Blogue

Bienvenue sur le blogue de la Fédération des sciences humaines. Les publications sur ce site sont l’opinion de leurs auteurs et ne reflètent pas nécessairement la position officielle de la Fédération, de son personnel et du conseil d’administration. Elles sont affichées selon la langue de l’auteur.

Les membres du milieu de la recherche universitaire sont encouragés à soumettre des commentaires sur des questions reliées au bien-être de la recherche des sciences humaines et des sciences sociales et de l’apprentissage au Canada. Cliquez ici pour lire la politique en matière de blogue de la Fédération. Veuillez envoyer votre soumission à communications@ideas-idees.ca.

Trekking Toward Awe: Nonreligion in a Complex Future project examines nonreligion and hiking

Lily Polowin, Digital Communications Officer, Federation for the Humanities and Social Sciences

One of our goals at the Federation is to demonstrate the value and contributions of humanities and social science research. Sometimes, that value can be explained in terms of the skills that graduates gain from their education. At other times, that value is clear in the way in which the insights of our researchers can be applied by policy- and decision-makers to create a more equitable society. And lastly, often that value is shown in the humanities and social sciences’ ability to ask questions that simply can’t be approached by the hard sciences fields: questions about what it means to be human and to live in society.

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Guess who’s coming to dinner? That is, after you hire us.

Guest post by Dr. Annette Henry, Professor and David Lam Chair in Multicultural Education and the Institute for Gender, Race, Sexuality and Social Justice at the University of British Columbia

Consider the following statements from search committee meetings at various universities involving racialized candidates. My purpose in sharing these statements is to raise questions about institutional commitments to hire Black faculty.

Our first candidate understands this theory the way we do, but the second candidate has another interpretation of the theory”

This example illustrates how faculty may unwittingly reproduce their own thinking by hiring people who think like them, and in which faculty members may find flimsy reasons to not hire qualified candidates under...

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Rethinking capacity: on preserving the dignity of risk

Guest post by Elizabeth C. Mohler, Ph.D Student in Occupational Science at Western University.

I recently came across an article in the Walrus titled: "When Is a Senior No Longer Capable of Making Their Own Decisions?" The article outlined what is involved in a capacity assessment, who is authorized to provide said assessments, illustrated narratives of individuals who were assessed, and the consequences associated with the assessment’s results. Capacity Assessment is the formal assessment of a person's mental capacity to make decisions about property and personal care. Under the Substitute Decisions Act, many situations require capacity assessments to be conducted by specially qualified assessors who must follow specific guidelines.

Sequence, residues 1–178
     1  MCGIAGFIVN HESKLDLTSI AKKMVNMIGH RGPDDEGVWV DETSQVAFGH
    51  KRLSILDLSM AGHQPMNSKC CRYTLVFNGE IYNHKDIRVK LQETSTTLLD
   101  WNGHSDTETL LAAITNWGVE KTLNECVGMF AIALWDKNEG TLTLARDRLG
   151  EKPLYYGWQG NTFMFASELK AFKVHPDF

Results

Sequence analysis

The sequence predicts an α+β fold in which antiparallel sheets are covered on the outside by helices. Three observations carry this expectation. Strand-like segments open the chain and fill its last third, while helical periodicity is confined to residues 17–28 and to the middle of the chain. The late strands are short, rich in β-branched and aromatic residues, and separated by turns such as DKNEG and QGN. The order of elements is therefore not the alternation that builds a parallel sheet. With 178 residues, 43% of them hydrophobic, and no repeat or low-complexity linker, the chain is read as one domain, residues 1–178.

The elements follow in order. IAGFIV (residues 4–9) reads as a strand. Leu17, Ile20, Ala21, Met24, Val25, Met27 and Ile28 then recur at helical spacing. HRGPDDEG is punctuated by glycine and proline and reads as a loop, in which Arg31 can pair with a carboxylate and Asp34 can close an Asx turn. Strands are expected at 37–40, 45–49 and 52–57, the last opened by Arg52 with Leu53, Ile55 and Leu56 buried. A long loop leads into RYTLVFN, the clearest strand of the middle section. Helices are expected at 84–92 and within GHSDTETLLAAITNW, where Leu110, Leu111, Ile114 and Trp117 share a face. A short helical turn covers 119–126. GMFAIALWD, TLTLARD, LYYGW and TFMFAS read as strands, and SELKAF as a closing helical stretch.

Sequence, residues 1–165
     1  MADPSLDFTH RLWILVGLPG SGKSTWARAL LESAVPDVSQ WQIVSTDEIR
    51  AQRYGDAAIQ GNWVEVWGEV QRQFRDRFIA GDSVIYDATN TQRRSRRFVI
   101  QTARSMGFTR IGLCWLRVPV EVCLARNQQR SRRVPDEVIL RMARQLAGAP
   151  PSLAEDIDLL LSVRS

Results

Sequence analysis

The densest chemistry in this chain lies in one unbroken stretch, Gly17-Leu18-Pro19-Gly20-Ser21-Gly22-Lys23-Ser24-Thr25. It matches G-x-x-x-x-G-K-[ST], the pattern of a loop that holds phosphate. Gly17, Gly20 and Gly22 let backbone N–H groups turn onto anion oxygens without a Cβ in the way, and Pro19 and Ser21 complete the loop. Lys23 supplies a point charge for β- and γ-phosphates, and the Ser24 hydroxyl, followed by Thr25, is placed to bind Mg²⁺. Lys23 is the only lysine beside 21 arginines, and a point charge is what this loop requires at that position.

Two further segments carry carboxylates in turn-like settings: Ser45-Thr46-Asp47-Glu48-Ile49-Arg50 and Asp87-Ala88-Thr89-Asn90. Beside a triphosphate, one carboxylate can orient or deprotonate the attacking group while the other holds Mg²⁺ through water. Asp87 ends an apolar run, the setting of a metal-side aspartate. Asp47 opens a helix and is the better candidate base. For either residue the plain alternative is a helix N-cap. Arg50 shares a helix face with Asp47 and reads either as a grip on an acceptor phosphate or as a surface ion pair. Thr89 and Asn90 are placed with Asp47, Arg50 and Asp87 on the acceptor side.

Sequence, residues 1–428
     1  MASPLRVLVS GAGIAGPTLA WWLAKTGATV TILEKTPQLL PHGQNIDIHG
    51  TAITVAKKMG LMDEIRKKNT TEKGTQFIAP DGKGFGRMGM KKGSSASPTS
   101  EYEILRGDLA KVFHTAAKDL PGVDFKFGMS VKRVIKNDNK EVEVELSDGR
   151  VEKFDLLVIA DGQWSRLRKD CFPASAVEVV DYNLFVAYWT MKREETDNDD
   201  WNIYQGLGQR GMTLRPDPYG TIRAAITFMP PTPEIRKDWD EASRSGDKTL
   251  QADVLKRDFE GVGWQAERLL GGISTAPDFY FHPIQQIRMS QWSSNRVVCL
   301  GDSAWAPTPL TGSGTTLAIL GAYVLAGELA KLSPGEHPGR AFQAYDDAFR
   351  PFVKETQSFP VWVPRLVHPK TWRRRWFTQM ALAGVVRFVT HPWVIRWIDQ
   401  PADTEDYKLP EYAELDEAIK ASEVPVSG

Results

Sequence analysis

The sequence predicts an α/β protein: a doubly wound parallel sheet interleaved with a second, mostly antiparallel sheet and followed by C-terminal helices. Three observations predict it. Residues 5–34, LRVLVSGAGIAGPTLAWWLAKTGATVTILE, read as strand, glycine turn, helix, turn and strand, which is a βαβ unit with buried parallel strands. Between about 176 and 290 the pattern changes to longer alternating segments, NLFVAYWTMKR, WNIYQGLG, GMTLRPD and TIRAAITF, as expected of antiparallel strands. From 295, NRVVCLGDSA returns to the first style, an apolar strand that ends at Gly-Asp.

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Saying "yes" to women experts: Informed Opinions advances women's expertise during a time of increased inequality

Lily Polowin, Digital Communications Officer at the Federation for the Humanities and Social Sciences

You may have read the headlines: women with children have been getting pushed out of the workforce due to childcare demands during the pandemic; women have been submitting fewer articles for publication in academic journals since the start of the pandemic; and even when promoted to the second highest position in government, women’s qualifications still come under suspicion. It’s a well-established fact that global crises don’t affect everyone...

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Remarques de Gabriel Miller sur le rapprochement des francophonies canadiennes à travers la recherche et l'enseignement supérieur

 

Dans le cadre du Colloque virtuel de l’Association francopohone pour le savoir (Acfas)
Les 6 et 7 mai 2020

En vue du Sommet de rapprochement des francophonies canadiennes, qui mènera à la prochaine politique du Québec en matière de francophonie canadienne, ce colloque visait à réfléchir au rôle - actuel et futur - du milieu de la recherche et de l'enseignement supérieur dans le rapprochement des francophonies canadiennes. Gabriel Miller, Président et Chef de la direction de la Fédération des sciences humaines, nous livre ses remarques concernant le positionnement et les actions de la Fédération sur ce sujet.

Aujourd’hui, on m’a donné l’opportunité de discuter de deux questions : que fait la Fédération pour soutenir les chercheurs francophones dans un contexte minoritaire? Et que souhaitons-nous faire à l’avenir?

Je vais commencer par aborder la question numéro un : que faisons-nous déjà à l’heure...

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